a Christian girl who with all true Christians had the Lord Christ, who went about doing good, for an everlasting example? And had there not all along been something fine in Annie, under her superficial hardness and inclination to conceal her feelings, something which her family had not suspected, brought to light by their troubles? something of which everybody connected with her would be prouder in all humility, with reason, in the days to come, than they had ever been proud of her supreme prettiness and lively tongue in times past.

“It is a pity about my age,” went on Annie ingenuously, lamenting over her deficiency in years as other people lament over their superfluity in that respect, “but it is a fault which will mend every day. I have found out that there are two hospitals which make twenty-three just a year older than I am the age of admission for probationers, and there is one hospital that admits them at twenty. Would not the fact of my being a doctor’s daughter go for something? Have you not interest, father, if you care to exert it, to get the hospital authorities to stretch a point where I am concerned? You might tell them that I am the eldest of the family,” drawing up her not very tall figure, “that I have been treated as grown-up for years and years, and that I have several younger sisters whom I have tried to keep in order.” There was a returning twinkle in Annie’s brown eyes and a comical curve of her rosy lips.

But she relapsed into extreme gravity the next moment; indeed, she was more agitated than she had yet been, and for Annie to betray an approach to tearfulness was a rare spectacle.

“There is something worse than my age. I am afraid I am not half good enough. I have a hasty temper; you have frequently said so, mother. I often speak sharply, and am not always aware when I am doing it. I hurt people, as I hurt myself, without being able to help it something seems to come over me and impel me to do it. Often I cannot resist making game of people. I am so silly and fond of fun, like a child, a great deal worse than ‘little May’ ever is, when the fit is upon me. Now, if I could think that I should lose patience with poor sick people, and wound instead of comforting them, or that I should find them food for my love of the ridiculous, and forget and neglect their wants in following my own amusement, I should hate myself I would die sooner than so disgrace a nurse’s calling.”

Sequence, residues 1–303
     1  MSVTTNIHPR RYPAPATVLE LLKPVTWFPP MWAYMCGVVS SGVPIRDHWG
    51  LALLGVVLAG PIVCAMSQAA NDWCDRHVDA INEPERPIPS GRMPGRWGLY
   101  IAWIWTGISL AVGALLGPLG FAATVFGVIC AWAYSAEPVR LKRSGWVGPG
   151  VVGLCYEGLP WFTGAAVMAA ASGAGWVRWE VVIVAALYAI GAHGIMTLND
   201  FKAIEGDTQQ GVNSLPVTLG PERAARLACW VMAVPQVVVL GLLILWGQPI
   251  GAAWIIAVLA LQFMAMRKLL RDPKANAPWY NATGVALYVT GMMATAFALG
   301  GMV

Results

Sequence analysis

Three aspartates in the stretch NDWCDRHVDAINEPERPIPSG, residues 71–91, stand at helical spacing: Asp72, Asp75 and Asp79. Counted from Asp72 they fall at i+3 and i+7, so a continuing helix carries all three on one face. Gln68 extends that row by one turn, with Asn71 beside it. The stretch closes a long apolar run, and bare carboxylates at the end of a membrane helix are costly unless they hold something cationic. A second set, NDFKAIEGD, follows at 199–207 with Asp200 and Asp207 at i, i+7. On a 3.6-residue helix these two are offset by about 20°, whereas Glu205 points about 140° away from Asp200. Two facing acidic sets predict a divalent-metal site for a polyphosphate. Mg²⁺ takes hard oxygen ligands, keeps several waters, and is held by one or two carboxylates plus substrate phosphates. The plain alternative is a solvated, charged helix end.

“You would not do it, my dear,” said Dr. Millar, with calm conviction.

“Why, what treason is this you are speaking against yourself?” cried Mrs. Millar, bristling up in her daughter’s defence, the assailant being that daughter. “You unkind or unfeeling when there was any call for kindness whoever heard of such a thing? I should as soon suspect Dora of harshness or levity in the same circumstances. Don’t you remember my bad eyes last winter, when I had to get that tincture dropped into them so often that your father could not always be at home to do it? You dropped the tincture as well as your father could, and though I know I must have made faces wry enough to frighten a cat, you never vouchsafed a remark, and I did not hear the ghost of a laugh. Poor Dora was ready to read to me by the hour, and to fetch and carry for me all day long, but when she tried to drop the tincture her hand shook so that she sent the liquid down my cheeks; and she was so frightened for giving me pain that I could see when I opened my eyes she was as white as a sheet, and fit to faint herself.”

“Dora’s hand will get steadier and her heart harder by and by,” said Dr. Millar, laughing. “Not that she has the knack of the operator, any more than you have, Maria. I don’t think one of you has it, except Annie here.”

“That was nothing,” said Annie quickly. She added in a lower tone, “And oh, mother, how could you imagine that I should laugh at your pain?”